And what I see is it’s important to build on those, and as we expand it beyond generative, it gives us a way to talk about AI within our own company in that same vein. And so. I think that’s part of it. I think the other thing is the precursor to legislation, as we’ve talked about; in the notice, they mentioned that they directly talk about they’re working toward legislation regulations around this type of thing.


One of the things that I believe is a tenant that I’ve seen in decades of cybersecurity experience is self-regulation is the way to go. You do not want governments to regulate you because it’s, well, there’s a lot of reasons why,  it may miss the mark, it may be over-prescriptive in areas, and so forth.


And, if we get serious, these companies, I think the reason they’re going to come to the market is that if they get serious about doing these voluntary commitments and we join in, and we start to build these, it means the government has to do less. They may regulate some, but there’s less work to be done, and we know it’s going to be more on-target rather than heavy-handed and maybe overly bureaucratic at times. So I think that’s the big important piece to take this, take the nuggets that we get out of this, but also start running and start using this to think, think ahead to other ways. This could be applied.


Max Aulakh

Yeah, Joel, I would definitely agree with that. If we can self-regulate, right, minimize the overhead of the government because they don’t actually know what goes inside of organizations and companies and businesses. So I think you’re absolutely right. A big takeaway is, look at the principles, look at some of the pillars that they’re discussing, and it kind of shapes the potential internal policy, internal regulation, internal management of the use of these systems, right?


So, as a user, you may not be developing any of this technology, but you can still take away a good amount of thought process here on how to actually put some guardrails around using this technology.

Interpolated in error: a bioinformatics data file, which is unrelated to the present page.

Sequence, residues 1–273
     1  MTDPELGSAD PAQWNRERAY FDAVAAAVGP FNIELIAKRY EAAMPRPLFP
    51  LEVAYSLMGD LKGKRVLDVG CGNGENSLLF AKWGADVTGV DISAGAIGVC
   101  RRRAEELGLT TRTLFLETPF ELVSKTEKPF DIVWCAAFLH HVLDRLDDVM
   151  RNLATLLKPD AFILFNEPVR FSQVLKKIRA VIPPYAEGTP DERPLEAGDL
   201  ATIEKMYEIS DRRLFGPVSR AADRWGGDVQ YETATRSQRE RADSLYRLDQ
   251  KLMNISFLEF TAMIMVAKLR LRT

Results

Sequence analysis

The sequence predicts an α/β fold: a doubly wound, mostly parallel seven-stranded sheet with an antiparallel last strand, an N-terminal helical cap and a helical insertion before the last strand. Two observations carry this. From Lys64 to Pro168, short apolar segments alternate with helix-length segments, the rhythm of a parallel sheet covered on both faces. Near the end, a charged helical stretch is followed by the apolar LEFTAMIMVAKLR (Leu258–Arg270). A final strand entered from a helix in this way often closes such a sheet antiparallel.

Joel Yonts

Absolutely. Well, and I’ve got a, I’ve got a practical question back to you. So you’re a user of some of these company’s products, and they’ve got this voluntary commitment.


So, any advice on how we can hold them accountable for this voluntary commitment? 


Max Aulakh

Yeah, you got to pay them.


Yeah. I mean, you know, it is voluntary, right? So yeah, I’m only going to commit to what I’m already doing, I guess. But. I don’t know. I, I’ve got, I’ve got hopes that you know, this was intentionally written by not just the government. I hope that they actually facilitated this discussion. They always do. But, you know, typically there’s a, there’s a level of lip service. There’s a level of, like, all right, just sign up for stuff. Don’t be noncommittal. Right. I hope it wasn’t that I don’t think I don’t think it’s that Joel personally because, I think, like we talked about before, they want to figure out how to regulate this thing. They want to be at the table. They want to be, you know, we heard from Sam Alton, the CEO of open AI, and he said, yeah, we want to be, we want to be partners in this. And usually, you don’t see private companies running to the government. That was a very odd move. So, yeah, I think it’s going to be up to them to hold themselves accountable because if they don’t, I think they know, they know, they know that the kind of damage it can cause, that’s just my take on it.


Joel Yonts

Yeah. And I was, I was thinking, yeah, at you as a customer, I’ve imagined as, as customers, as we talk to our representatives, we can remind them of this now. Individually compared to maybe Fortune 100s, reminding of that commitment may have less impact, may have a different level of impact, but I think we should remind them and hold them accountable in every, every conversation, because whether it be a sales call or a delivery of service, by the way, you committed to these things, then, you know, this is how you’re, your my perception is that you’re doing. You know? This service you’re delivering doesn’t seem to have the principle, or it does. I think that’s, that’s probably something practical we could do as well.


Max Aulakh

Yeah. Yeah. I would hope that they would take that in as, as appropriate feedback, you know.


But Joel, I, I think this was a fascinating topic for, for a lot of our listeners, and if you’re listening in, For the next few, we’re going to cover some interesting tidbits, very similar that is happening in the market. But this piece of document, right, this voluntary commitment, we’ll have the links out for you to kind of take a look at yourself, but we just wanted to thank you guys for listening in.


Joel Yonts

Thanks, Max.


Max Aulakh

Emerging Cyber Risk is brought to you by Ignite and Secure Robotics. To find out more about Ignite and Secure Robotics, visit ignyteplatform.com or securerobotics.ai. 


Joel Yonts

Make sure to search for Cyber in Apple Podcasts, Spotify, and Google Podcasts, or anywhere else podcasts are found, and make sure to click subscribe so you don’t miss any future episodes. On behalf of the team here at Ignyte and Secure Robotics, thanks for listening.